Next is Jess Franco’s erotic art piece from 1980, Sinfonia Erotica, presented as “From the Depraved Writings of Marquis de Sade”. A remake of his earlier film Pleasure for Three, it portrays a mentally ill young woman who is married to a reclusive nobleman. After being starved of sexual pleasures, she begins having a mental collapse upon witnessing her husband’s love affairs with other people. With an off-kilter style and a slight edge of suspense, Franco’s portrayal of insanity amongst a sexually-liberated and disturbed group of people weaves its narrative through an unusual lens. Murder, madness, and ménage à trois are the selections of choice in this softcore shocker.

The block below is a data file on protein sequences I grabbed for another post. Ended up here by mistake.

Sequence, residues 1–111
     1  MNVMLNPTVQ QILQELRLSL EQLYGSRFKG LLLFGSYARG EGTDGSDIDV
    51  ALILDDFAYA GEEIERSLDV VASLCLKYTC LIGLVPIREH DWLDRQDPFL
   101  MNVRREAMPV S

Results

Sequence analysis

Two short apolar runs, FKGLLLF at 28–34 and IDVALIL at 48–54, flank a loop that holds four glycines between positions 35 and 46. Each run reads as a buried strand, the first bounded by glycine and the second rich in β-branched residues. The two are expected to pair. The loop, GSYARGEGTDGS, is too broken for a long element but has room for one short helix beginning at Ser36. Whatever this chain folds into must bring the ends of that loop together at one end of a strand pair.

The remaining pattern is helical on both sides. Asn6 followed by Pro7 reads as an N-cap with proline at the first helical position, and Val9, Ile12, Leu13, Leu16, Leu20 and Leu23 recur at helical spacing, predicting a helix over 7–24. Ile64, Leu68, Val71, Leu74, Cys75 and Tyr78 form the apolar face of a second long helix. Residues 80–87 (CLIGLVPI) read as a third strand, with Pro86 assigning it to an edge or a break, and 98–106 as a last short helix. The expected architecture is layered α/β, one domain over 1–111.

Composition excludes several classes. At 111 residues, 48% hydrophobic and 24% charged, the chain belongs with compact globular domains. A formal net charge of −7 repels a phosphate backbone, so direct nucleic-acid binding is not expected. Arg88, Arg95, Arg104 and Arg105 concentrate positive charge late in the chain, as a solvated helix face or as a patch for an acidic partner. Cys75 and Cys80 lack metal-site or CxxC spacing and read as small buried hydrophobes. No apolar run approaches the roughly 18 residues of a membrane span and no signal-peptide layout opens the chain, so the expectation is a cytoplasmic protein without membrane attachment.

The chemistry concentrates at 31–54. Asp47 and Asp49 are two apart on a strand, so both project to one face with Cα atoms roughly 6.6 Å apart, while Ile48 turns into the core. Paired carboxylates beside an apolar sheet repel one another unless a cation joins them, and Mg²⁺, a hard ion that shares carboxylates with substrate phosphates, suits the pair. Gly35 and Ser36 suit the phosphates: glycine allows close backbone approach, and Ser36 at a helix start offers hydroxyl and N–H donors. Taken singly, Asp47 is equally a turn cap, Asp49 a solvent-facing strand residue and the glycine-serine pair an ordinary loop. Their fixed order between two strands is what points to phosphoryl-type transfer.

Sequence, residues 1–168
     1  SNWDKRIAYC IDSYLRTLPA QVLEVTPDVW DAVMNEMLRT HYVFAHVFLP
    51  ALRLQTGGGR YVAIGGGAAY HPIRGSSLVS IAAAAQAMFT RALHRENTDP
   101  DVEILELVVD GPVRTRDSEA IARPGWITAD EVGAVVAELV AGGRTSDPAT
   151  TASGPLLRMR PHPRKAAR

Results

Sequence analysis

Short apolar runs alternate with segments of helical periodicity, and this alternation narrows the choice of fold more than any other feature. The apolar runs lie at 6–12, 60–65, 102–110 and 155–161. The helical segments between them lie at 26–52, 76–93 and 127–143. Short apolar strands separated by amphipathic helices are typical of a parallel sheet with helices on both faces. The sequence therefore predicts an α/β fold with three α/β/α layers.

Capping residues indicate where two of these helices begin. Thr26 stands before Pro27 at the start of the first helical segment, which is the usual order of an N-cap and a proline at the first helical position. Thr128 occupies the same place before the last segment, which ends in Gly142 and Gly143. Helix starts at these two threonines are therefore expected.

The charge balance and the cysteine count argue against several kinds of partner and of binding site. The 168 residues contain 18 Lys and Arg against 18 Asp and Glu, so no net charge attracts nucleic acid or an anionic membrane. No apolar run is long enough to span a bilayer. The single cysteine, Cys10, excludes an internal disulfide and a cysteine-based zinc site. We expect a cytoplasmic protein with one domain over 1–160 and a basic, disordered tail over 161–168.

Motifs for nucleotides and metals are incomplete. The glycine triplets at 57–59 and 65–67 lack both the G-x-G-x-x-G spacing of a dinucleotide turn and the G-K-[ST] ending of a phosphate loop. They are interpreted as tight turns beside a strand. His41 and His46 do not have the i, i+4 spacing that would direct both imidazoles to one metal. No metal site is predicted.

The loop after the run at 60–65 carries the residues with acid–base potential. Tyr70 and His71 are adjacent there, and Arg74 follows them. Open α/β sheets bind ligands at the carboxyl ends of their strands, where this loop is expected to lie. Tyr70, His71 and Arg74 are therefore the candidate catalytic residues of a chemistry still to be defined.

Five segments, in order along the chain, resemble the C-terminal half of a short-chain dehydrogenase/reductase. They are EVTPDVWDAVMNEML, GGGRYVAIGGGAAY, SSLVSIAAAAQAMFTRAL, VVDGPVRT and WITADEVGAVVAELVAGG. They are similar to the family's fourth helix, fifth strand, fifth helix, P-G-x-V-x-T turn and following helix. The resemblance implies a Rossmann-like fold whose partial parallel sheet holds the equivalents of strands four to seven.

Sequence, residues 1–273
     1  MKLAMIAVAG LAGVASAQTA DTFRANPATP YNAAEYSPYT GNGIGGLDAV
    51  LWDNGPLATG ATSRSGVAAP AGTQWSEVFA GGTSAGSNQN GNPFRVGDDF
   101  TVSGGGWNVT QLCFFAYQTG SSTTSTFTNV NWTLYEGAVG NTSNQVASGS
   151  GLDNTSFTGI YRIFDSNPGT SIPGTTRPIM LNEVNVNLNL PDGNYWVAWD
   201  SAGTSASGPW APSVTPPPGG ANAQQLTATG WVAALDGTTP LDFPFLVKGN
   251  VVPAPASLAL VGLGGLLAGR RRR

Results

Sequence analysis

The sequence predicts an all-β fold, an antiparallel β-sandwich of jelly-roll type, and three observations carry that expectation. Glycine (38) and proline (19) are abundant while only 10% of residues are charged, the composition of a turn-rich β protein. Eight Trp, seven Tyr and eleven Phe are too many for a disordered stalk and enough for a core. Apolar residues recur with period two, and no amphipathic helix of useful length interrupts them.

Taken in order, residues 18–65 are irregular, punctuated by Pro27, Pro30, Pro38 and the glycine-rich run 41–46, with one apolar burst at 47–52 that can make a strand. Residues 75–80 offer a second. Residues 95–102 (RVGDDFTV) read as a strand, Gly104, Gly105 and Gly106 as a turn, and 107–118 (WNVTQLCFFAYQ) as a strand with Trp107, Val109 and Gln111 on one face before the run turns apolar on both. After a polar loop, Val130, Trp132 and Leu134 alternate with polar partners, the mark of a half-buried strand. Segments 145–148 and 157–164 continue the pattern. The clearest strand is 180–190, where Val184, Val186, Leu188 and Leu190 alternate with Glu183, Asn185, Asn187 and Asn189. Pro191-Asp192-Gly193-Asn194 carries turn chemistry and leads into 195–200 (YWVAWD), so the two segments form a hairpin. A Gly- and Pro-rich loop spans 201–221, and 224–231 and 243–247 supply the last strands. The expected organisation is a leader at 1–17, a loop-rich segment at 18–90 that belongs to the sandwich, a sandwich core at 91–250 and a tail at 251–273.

The film’s Blu-ray release contains a transfer taken from a 4K scan of the only known surviving element: a 35mm exhibition print. Although damage and instability are both present, clarity and color are both good, revealing a naturally film-like presentation. The audio is featured in the original Spanish 2.0 mono DTS-HD with optional English subtitles. Decent depth can be heard while leftover hiss is apparent, never overriding the presentation as a whole. Extras include Jess Franco on First Wife Nicole Guettard, a 7-minute interview segment with the director, and Stephen Thrower on Sinfonia Erotica, a 22-minute interview with the author about the film.